Finding Melville’s Whale – Cetology (Chapter 32)

Chapter 32 of Herman Melville’s classic – Moby Dick. Read along with us and discuss this chapter or the book as a whole in the comments. Visit this page for the complete collection to date: Finding Melville’s Whale.


Let this be the book of the whale,
chronicle of tortured naturalists.
For who could fathom those great depths
and plum the drum of waves on hull
without a loyal oath, Leviathan!
Lord tyrant of the sea, Sperm Whale!
and this is his kingdom, his loyal court.

Let it first be said, before numbering
the pages of his family
that as certain as they swim in the sea,
the whale is no more than a fish.
A fish remarkable in its warm blood
and lungs, that drive it to the surface,
but, Linnaeus be damned, it is a fish!

These are the three books of the whales’ novel.
Each divided again into
a bookbinder’s twisted taxonomy.
The largest of all, Folios,
those of middling magnitude, Octavoes,
the smallest, duodecimo.
Beyond them, the whales of myth and fable.

FOLIO, Chapter 1, Sperm Whale
          Most formidable of all whales
          and most valuable.
          Within his head, spermaceti,
          the richest oil.

FOLIO, Chapter 2, Right Whale
          The bearer of whalebone, baleen.
          First to be hunted.
          Its tortured taxonomy lies
          entangled with doubt.

FOLIO, Chapter 3, Fin Back
          This solitary, curse-ed Cain,
          swims always alone.
          The whales, in all their forms, deny

FOLIO, Chapter 4, Hump Back
          Joyful, but worthless.

FOLIO, Chapter 5, Razor Back
          Unknown to Melville
          and an enigma to modern
          cetologists, none
          have seen anything but his back.

FOLIO, Chapter 6, Sulfur Bottom
          The Blue Whale, never
          chased by whale men of Nantucket.

OCTAVO, Chapter 1, Grampus
          Small in stature, rich in oil.
          His arrival heralds the sperm,
          His larger twin.

OCTAVO, Chapter 2, Black Fish
          Fine oil for a smaller whale.
          He approaches as a pilot
          over the shoals.

OCTAVO, Chapter 3, Narwhal
          The polar beast bears a lone horn
          to split the icy northern sea.
          Curious beast.

OCTAVO, Chapter 4, Killer
          “The killer is never hunted.”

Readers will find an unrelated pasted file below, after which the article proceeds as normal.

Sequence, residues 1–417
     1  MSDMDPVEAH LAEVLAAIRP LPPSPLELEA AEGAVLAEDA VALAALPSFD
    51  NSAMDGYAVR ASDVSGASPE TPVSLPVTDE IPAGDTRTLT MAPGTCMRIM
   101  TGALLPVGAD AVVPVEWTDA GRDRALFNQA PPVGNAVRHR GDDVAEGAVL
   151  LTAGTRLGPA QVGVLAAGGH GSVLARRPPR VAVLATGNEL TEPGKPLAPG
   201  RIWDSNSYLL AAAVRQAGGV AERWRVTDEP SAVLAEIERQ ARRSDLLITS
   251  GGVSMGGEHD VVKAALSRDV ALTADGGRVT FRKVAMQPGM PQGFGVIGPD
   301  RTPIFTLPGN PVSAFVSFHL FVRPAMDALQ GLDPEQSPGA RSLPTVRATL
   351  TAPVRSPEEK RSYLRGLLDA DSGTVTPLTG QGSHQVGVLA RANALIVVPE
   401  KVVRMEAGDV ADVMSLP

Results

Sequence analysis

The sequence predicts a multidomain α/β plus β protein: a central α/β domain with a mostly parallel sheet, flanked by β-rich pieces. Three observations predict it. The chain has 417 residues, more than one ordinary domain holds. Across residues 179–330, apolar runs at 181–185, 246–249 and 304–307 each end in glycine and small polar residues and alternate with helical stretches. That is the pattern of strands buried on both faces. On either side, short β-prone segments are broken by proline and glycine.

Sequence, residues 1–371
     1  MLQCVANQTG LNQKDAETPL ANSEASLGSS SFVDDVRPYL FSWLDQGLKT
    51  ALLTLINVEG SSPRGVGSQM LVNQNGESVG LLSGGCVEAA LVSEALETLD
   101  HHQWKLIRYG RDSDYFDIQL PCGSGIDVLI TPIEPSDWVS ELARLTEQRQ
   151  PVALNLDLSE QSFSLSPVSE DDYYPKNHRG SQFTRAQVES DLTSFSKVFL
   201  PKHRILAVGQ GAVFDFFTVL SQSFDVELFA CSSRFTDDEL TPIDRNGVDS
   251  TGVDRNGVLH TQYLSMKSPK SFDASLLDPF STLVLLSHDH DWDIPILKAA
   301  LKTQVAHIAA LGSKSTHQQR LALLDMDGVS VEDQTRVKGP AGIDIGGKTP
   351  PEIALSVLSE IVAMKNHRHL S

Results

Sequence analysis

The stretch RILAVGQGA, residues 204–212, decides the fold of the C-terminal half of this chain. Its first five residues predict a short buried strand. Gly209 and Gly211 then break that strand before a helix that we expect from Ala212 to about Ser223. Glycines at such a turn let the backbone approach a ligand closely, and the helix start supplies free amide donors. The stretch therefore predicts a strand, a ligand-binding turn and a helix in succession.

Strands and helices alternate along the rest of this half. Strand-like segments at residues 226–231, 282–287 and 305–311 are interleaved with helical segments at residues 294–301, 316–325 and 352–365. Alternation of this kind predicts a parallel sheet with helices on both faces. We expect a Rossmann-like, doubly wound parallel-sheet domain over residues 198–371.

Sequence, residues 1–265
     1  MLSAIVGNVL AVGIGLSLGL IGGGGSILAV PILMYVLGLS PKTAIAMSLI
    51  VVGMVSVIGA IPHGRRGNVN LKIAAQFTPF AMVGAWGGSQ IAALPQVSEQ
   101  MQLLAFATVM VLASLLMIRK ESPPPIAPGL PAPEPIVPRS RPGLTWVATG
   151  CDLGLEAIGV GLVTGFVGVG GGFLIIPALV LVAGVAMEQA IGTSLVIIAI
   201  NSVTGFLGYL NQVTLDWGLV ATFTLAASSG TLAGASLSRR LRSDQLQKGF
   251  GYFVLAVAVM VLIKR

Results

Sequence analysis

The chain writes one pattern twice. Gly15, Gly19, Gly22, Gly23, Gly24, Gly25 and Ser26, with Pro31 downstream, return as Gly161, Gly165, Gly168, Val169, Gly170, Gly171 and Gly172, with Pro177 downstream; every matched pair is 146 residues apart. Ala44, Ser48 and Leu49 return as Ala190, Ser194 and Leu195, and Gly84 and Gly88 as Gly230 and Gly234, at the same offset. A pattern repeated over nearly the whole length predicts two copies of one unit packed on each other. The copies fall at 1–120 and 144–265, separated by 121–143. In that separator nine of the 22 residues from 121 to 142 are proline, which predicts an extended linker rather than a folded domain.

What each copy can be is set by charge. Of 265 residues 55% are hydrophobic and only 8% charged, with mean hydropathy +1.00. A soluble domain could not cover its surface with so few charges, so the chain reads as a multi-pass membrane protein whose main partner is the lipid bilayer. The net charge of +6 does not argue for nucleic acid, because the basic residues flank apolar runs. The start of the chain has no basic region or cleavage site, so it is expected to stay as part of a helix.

It is a poor choice for a name,
          for at sea, we are all killers.

OCTAVO, Chapter 5, Thresher
          A flogger of beasts,
          the leviathans’ task-master.

          The great whale in miniature.
          Some come rich in oil and meat,
          but of their families, nothing
          is certain.

This is but a poor system for naming
and many whales are yet to be counted,
nor will they ever be.

We shall number them as we boil them
and know them only by lamplight
and the stains left in our try-pots.


  1. Southern Fried Scientist · November 16, 2010

    The following is my attempt to figure out which whales Melville is describing:

    Sperm Whale – sperm whale

    Right Whale – Right Whale, but probably also many other species such as the grey whale

    Fin Back – Fin Whale, but probably also other large baleen whales like the Sei Whale

    Hump Back – Humpback Whale

    Razor Back – probably also the Fin Whale

    Sulfur Bottom – Blue Whale

    Grampus – this one is weird, Killer whales were commonly called Grampus, but Killer is also on the list, from the description of the oil and the comparisons to the sperm whale, I guess that Melville is talking about Pygmy Sperm Whales

    Black Fish – Pilot Whale

    Narwhal – Narwhal

    Killer – Orca

    Thresher – Probably also an Orca

    • WhySharksMatter · November 16, 2010

      Were pygmy sperm whales hunted? I thought they were too small to be worth the effort.

    • Southern Fried Scientist · November 16, 2010

      I don’t think they were hunted much, but keep in mind this is a list of all the whales known to Melville, not just those hunted.

      I was surprised to see Humpbacks listed as worthless. It really creates a contrast between the era of whaling for oil and the era of whaling for meat.

    • Chuck · November 16, 2010

      Thresher was a new one for me too. I can’t think of anything other than an orca that would be referring to. Unless thresher sharks got much larger in Melville’s day.

    • Southern Fried Scientist · November 16, 2010

      It’s possible that one of the ‘killer whales’ could have been the False Killer Whale.

    • Southern Fried Scientist · November 16, 2010

      Grampus is also the genus name of Risso’s dolphin, although they’re much too small to be Octavo

  2. Namnezia · November 16, 2010

    What about Beluga whales? Or did whalers not go so far north?
    Or were they too small to bother with?

    • Southern Fried Scientist · November 16, 2010

      Melville made no mention of the Beluga. They may have been hunted at the time, but not by Nantucket whalers.

    • Namnezia · November 16, 2010

      Have you been to New Bedford? There’s a pretty cool whaling museum, and the whole waterfront is designated a historic site. Since it’s nearby we went recently after having re-read Moby Dick.

    • Southern Fried Scientist · November 16, 2010

      I haven’t had a chance yet, but their Whaling Museum is legendary. Did you get a chance to see the Seaman’s Bethel?

      Or colleague Peter Mello at works with them.

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